Proper zombies can't break into a run or manipulate complex objects. Blame rigor mortis. In case you think this doesn't make them very scary, think again: the whole point of zombies is that, what they lack in physical aptitude they make up for in sheer numbers.

3) Zombies Can Only Be Killed By A Head-Shot

The Devil Inside zombies occasionally break this rule, which is a pity, but more often than not they adhere to the basic principle: the brain is the engine that drives the zombie bus. Since the zombie's body is already dead, hacking it in two with a chainsaw won't dampen its bloodlust-itcan still drag itself along with its arms. Only by destroying the grey matter can you destroy the monster Itself. For a vivid demonstration of this rule, see George A Romero's Day Of The Dead, In which a zombie has the top half of its head sliced off by a man wielding a spade. As our hero makes his escape, the zombie's eyes continue darting around in what's left of the skull - brain's still intact, y'see.

4) Zombies Are Pathetic, Amusing And Scary At The Same Time

We're glad to report that the Devil Inside zombies follow this, the strictest of all zombie laws. Zombies look pitiful with their grubby clothes and clumsy mannerisms. Then, when you blow half their limbs off, they look hilarious as they dutifully keep on moving. But no matter how hard you laugh, there's always an uneasy tension - deep down, you know, sooner or later, your going to ran out of ammo, or you'll find yourself surrounded, and bingo - funny Mister Groany-guts is suddenly noshing the contents of your forehead. Now that's frightening.

Download The Devil Inside


System requirements:

  • PC compatible
  • Operating systems: Windows 10/Windows 8/Windows 7/2000/Vista/WinXP

Game Reviews

Anyone out there still bemoaning the lack of originality in modem games - shut up and listen to this. The Devil Inside has one of the most bizarre and promising premises we've clapped brains on recently, and it should be worth paying attention to because it comes from Gamesquad, a French software house headed by Hubert 'Alone In The Dark' Chardot.

All of which is rather a bold opening paragraph, because to be brutally honest, we're not entirely sure what kind of game this is -largely because the information arriving from the publishers Cryo suffers from what you could generously call 'quirk/French-to-English translation. Take a look at the evidence and see what you make of it.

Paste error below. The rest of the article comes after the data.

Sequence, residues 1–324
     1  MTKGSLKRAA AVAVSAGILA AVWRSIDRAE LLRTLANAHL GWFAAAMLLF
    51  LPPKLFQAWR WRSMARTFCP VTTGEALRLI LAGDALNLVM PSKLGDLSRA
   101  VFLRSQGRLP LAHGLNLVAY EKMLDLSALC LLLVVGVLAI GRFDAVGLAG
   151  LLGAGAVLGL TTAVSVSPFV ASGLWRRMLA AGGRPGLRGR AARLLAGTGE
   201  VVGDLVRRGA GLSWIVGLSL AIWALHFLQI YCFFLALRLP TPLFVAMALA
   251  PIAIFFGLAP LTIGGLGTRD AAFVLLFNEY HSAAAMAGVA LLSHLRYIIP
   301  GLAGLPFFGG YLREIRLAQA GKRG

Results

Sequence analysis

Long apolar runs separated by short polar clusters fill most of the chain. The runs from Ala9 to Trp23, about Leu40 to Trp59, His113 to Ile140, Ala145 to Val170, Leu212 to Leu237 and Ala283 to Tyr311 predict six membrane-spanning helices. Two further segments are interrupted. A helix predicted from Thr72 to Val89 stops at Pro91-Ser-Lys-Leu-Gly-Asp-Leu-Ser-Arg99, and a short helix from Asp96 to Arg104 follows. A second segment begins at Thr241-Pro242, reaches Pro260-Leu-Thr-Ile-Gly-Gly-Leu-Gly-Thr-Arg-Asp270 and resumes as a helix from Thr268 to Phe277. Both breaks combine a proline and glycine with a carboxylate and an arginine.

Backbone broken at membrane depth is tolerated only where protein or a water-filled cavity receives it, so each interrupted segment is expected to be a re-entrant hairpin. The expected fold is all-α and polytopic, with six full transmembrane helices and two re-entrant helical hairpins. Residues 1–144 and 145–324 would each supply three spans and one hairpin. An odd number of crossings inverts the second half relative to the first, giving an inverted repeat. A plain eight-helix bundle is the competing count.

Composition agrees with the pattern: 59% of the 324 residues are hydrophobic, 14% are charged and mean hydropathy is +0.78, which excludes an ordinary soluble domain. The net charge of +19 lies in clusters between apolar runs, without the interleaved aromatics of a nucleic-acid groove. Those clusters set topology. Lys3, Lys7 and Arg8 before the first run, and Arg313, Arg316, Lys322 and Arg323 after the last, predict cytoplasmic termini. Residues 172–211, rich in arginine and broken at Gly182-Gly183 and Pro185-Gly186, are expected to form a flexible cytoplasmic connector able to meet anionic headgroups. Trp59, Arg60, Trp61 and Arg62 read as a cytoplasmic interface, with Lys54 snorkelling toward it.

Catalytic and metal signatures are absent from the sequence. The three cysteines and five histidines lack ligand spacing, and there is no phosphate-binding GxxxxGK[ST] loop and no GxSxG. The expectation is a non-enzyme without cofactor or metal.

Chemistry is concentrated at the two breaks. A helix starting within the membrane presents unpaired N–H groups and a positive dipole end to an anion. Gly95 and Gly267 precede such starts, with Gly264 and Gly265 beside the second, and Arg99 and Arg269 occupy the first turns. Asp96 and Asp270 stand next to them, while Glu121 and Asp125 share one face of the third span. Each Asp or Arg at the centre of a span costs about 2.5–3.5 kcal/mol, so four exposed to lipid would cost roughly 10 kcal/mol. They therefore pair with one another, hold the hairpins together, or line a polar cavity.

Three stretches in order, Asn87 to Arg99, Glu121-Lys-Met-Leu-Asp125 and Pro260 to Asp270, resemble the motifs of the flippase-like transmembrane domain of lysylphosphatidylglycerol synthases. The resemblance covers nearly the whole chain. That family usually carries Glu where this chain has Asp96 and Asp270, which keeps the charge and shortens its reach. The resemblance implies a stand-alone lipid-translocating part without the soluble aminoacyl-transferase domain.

In The Devil Inside, you take control of two different characters - one called Dave, and one called Deva (do you see what they've done there?). Dave is a reporter/presenter for a no-holds-barred cable TV channel "dedicated to the strange, the paranormal, and the horror", and he's currently on the trail of a serial killer known as "The Night Howler". Deva is a minion of Satan, sent to Earth to gather the souls of all the bad guys Dave bumps off and return them to Hell, from whence they came.

Now, having initially seen static screenshots and noted the developer's link with Alone In The Dark, we were expecting a 3D third-person adventure game - so imagine our surprise when some early code arrived which appeared to contain an incredibly gory first-person shoot 'em up instead. However, a quick shuffle through a French-language README file turned up a set of keyboard controls, and blow us down if it isn't a far more appealing prospect altogether. You can play it first-person like Quake, third-person like Tomb Raider, from the cinematic perspective, which is familiar to Resident Evil, or from loads of other viewpoints - including that of the roving cameraman, who actually runs along beside you during the game (you can even turn round and shoot him in the thigh if you want). Up to three other viewpoints can be placed on-screen in the comer of the main view, all at the same time, like the picture-in-picture mode on some swish televisions. In fact, it is a bit like directing your own TV show.

The more we fiddled with the early code (which is unstable, and clearly far from finished), the more intrigued we became. There's some kind of bizarre slow-motion mode, an option to trigger earthquakes and a button that makes gravity itself suddenly rotate by 90 degrees (which hints at some realistic physics at work somewhere in the game). The graphics are impressive, with all the fancy lighting and 3D jiggery-pokery you could wish for, and it's downright grisly in places too. There were a number of groaning zombies to shoot at (complete with destroyable limbs).

Just quite how the final product is going to hang together really is anyone's guess, but it's not often we find ourselves so pleasantly captivated by original, unfinished work-in-progress code like this. The Devil Inside is clearly something to watch out for. The developers also seem confident - they claim to have planned a sequel already. We want more, and we'll let you know when we have it.